What is a Kick-Out Clause and Do I Want One?

Before real estate can change hands, many details must come together so both buyers and sellers feel they are engaging in a fair exchange. Before buyers agree to hand over their hard-earned money or sellers give up their property, they want assurances that everything will be fair and square. One way to provide assurances is to have a contract that includes contingencies and contingency release clauses (also known as kick-out clauses).

Even when two parties have the best of intentions, things can go wrong. Sometimes buyers must sell their current home before they can afford to buy a new one and to their great disappointment, their house doesn’t sell quickly. Sometimes sellers are surprised by the results of various inspections, not realizing the sewer lateral needed $10,000 worth of repairs and that termites had been busy under the house.

Contingency clauses allow buyers to cancel a real estate transaction without repercussions, and kick-out clauses allow sellers to do the same. Contingencies are typically resolved through actions such as inspections, appraisals, and loan approvals—and corresponding responses to those actions. Those responses often come with price tags. Well-written purchase agreements make it clear who pays for what if the transaction falls apart (yet another reason to work with a Realtor).

Buyers almost always have a loan contingency; that is, they agree to purchase the property if their home loan is approved. If their loan is not approved, they can cancel the transaction. They often have additional contingencies, including one on the sale of their existing property and others related to any problems that might come to light after inspections and appraisals.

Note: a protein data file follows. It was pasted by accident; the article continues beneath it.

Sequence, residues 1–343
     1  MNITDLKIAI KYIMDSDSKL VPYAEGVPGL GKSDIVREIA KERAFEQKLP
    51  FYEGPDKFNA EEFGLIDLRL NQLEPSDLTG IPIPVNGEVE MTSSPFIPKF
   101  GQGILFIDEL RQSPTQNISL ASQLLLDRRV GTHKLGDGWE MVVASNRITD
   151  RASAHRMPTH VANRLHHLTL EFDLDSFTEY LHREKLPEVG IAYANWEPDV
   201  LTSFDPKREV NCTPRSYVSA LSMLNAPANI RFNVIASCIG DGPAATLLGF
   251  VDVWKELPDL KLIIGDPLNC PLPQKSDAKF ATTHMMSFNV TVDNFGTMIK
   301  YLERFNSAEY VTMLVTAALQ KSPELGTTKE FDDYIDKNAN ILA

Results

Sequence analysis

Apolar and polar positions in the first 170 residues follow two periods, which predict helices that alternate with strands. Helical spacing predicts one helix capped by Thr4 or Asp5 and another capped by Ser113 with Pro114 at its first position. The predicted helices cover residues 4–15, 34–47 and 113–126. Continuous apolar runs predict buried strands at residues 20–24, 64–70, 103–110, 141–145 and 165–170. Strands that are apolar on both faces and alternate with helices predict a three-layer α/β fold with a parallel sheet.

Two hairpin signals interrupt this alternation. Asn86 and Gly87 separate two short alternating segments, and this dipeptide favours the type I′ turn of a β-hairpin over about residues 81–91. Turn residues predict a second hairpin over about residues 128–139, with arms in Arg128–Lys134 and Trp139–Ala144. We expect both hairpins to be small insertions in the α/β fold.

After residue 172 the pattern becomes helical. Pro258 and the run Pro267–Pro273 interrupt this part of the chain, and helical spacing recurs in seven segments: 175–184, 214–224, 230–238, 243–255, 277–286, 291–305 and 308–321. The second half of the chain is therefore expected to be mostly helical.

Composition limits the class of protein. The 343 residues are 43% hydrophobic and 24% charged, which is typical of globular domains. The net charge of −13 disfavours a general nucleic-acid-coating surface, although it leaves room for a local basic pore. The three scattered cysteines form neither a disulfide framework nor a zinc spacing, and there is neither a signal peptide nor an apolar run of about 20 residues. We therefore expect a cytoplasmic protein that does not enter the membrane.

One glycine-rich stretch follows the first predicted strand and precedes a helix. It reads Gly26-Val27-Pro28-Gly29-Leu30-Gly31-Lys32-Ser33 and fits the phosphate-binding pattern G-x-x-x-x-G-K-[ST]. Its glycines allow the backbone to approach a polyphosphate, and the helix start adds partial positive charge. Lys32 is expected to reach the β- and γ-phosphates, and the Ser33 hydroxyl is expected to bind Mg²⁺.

Because buyers want their original offer to be accepted, they often include contingencies (which benefit them) and contingency release clauses (which benefit sellers), acknowledging the cost to the seller of taking their property off the market during the escrow period. This is called an opportunity cost—the value of what someone gives up by making a specific choice. Sellers sometimes request contingencies, too. For example, especially with commercial real estate, the seller may want an accountant to review the tax ramifications of the sale, or the seller may need to find a suitable property for an exchange to avoid capital gains tax.

More commonly, however, it is the kick-out clause that protects sellers, especially if time is of the essence. The clause states that if the seller finds another buyer with better terms (faster sale, higher price, no contingencies), the seller can terminate the agreement with the current buyer and sell to the new buyer. This clause almost always includes a specific time frame, so buyers who are investing time and money with inspections and appraisals are protected for a specific period, after which, the sellers can move on.

Kick-outs do not have to end the whole transaction. They can simply require buyers to end certain contingencies. For example, the seller can execute a kick-out clause on the loan contingency which would require the buyer to commit to purchasing the house whether or not their loan is approved. It’s a risk, but it gives the seller assurances that the buyer is committed to the sale. If the buyer is confident, removing this contingency might seem reasonable. However, if the loan is not approved and the buyers want to back out of the agreement, they will likely have to forfeit their deposit. This gets into something called liquidated damages, another interesting real estate topic. I’ll talk more about this another time.

If you have questions about property management or real estate, please contact me at rselzer@selzerrealty.com or call (707) 462-4000. If you have an idea for a future column, share it with me and if I use it, I’ll send you a $25 gift certificate to Schat’s Bakery. Dick Selzer is a real estate broker who has been in the business for more than 45 years.

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